Byte.com: The Business of Open SourceJan 17, 2000, 20:28 (1 Talkback[s])
(Other stories by Ted Coombs)
"It conflicts with the common sense of most professional artists and engineers to give away freely the source that underlies their work. The foundation of any business that depends on intellectual property is that people who develop copyrightable or patent-able material carefully protect their creations either legally or by maintaining trade secrets. Money is typically made in these businesses through planned obsolescence. Growth is achieved through the re-licensing of products as new versions render the old obsolete. Open source proponents prefer licenses that provide freedom from obsolescence and eliminate dependency on the original owner of intellectual property."
"The value of open source licensing is the guarantee of freedom that it provides. No open source product need ever become obsolete because the product's source serves as the foundation upon which future derived works are created, and everyone is free to use the source to derive new works. If you play by the rules of true open source, you never have to pay license fees for rights to intellectual property. So, how can open source, a model of doing business that flies in the face of age-old business logic, coexist with traditional, closed, models of intellectual property licensing?"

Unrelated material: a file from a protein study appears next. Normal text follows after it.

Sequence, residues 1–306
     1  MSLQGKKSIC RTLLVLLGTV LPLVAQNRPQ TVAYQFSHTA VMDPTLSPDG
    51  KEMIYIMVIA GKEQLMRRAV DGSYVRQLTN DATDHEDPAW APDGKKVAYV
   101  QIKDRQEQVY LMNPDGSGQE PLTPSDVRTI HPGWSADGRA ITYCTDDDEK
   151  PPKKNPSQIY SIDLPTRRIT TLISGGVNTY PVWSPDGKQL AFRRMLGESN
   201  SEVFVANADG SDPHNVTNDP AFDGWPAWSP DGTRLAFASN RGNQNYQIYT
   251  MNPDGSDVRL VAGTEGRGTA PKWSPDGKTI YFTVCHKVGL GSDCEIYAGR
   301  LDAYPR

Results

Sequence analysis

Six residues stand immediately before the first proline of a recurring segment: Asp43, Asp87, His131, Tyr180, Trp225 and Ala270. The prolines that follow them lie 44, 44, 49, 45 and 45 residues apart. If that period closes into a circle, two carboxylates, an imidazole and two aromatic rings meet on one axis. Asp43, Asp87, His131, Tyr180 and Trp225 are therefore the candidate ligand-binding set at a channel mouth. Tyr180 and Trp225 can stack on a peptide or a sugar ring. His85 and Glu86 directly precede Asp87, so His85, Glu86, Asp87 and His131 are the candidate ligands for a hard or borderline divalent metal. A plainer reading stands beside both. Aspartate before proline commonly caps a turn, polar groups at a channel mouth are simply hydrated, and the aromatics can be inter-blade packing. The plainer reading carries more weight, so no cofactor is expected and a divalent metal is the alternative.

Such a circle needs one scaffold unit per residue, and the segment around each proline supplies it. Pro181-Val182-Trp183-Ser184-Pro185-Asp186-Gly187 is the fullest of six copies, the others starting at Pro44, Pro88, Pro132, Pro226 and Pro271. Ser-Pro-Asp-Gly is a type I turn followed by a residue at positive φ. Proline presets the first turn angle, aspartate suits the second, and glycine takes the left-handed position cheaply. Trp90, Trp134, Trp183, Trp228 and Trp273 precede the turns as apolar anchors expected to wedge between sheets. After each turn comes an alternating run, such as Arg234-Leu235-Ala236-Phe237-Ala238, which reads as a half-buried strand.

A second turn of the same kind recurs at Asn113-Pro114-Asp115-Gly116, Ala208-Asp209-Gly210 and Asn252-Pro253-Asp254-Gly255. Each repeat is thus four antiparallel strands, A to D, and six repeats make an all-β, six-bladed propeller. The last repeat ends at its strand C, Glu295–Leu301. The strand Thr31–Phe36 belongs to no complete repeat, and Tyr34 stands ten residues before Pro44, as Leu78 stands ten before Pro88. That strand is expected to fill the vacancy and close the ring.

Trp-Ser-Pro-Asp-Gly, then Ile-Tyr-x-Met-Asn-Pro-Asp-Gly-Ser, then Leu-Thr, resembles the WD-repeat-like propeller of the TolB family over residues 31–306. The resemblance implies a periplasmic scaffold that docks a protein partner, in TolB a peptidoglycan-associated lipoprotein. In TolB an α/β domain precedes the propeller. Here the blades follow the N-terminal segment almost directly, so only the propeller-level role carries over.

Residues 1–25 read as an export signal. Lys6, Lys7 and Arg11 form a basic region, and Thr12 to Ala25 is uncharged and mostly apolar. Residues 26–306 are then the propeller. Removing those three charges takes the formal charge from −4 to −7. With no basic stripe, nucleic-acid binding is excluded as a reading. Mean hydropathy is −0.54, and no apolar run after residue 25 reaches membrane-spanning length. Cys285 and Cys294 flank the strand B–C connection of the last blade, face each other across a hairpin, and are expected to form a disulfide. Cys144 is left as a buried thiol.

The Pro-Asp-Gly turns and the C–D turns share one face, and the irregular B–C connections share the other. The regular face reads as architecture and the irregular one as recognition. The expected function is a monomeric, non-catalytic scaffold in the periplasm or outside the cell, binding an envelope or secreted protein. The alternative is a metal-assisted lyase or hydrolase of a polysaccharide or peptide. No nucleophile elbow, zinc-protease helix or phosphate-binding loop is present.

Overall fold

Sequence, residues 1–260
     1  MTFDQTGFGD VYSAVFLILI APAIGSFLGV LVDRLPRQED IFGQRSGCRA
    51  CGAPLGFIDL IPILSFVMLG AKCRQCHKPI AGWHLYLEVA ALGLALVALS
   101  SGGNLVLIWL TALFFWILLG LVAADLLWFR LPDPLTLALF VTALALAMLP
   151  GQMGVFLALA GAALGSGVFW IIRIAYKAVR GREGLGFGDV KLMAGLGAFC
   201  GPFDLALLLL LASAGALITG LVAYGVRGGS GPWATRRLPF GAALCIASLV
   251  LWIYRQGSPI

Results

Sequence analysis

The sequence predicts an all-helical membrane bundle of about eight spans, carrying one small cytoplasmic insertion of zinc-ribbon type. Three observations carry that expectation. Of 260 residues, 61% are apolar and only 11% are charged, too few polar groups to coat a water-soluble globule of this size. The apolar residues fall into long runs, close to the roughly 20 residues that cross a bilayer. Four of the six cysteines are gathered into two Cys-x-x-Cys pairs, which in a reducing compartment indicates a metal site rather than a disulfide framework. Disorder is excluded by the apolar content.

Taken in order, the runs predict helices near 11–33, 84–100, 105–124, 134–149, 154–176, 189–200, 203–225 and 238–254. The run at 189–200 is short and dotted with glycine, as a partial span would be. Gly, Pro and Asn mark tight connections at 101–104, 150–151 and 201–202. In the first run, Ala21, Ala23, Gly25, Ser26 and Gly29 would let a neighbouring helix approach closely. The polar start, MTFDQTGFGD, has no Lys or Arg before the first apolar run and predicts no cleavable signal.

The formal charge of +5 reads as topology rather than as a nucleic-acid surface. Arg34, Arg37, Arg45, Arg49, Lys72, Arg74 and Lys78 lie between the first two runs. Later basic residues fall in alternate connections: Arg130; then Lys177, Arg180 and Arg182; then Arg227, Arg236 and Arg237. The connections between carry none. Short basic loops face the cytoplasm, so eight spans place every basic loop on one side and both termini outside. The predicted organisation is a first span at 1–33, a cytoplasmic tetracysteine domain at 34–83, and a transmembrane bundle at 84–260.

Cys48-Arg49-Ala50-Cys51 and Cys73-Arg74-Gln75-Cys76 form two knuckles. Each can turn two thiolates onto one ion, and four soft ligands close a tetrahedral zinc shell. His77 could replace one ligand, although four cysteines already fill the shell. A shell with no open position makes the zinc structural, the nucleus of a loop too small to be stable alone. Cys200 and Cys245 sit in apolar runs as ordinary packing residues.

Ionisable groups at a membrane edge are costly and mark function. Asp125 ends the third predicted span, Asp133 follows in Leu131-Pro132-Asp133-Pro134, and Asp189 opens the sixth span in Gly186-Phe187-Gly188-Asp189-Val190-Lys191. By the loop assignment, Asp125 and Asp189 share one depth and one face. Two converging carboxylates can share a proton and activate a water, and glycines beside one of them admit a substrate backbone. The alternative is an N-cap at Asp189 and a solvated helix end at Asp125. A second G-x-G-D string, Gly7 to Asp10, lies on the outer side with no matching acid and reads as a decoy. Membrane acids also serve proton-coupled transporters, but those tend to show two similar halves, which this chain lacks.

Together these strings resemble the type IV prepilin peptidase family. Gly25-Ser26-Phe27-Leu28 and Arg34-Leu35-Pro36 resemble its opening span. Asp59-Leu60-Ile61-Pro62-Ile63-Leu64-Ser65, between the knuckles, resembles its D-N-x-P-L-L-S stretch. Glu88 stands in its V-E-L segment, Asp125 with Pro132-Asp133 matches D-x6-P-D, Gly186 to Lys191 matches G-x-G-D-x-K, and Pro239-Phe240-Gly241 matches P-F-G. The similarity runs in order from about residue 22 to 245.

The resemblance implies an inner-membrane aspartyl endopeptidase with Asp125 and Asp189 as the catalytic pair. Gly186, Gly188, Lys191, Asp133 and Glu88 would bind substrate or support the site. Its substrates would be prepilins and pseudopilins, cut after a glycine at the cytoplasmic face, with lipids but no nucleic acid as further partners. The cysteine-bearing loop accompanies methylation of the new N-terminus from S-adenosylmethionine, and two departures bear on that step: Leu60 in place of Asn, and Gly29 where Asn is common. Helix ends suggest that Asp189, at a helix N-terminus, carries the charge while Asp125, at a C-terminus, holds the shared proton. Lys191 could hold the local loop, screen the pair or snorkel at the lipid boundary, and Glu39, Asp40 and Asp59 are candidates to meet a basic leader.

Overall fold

"Open source is not public domain. When you release your source code to the public under the terms of an open source license you do not relinquish your copyright or patent rights. Open source licenses grant conditional rights to members of the general public willing to comply with the terms of the open source license. You can still sell private licenses to individuals and companies that are unwilling or unable to comply with the terms of the open source license. This is one of the freedoms afforded to you, the developer and copyright or patent holder, that is never mentioned in any of the documents discussing open source philosophy. Your freedoms as a property owner are not supposed to be forfeited simply because you believe in the open source philosophy."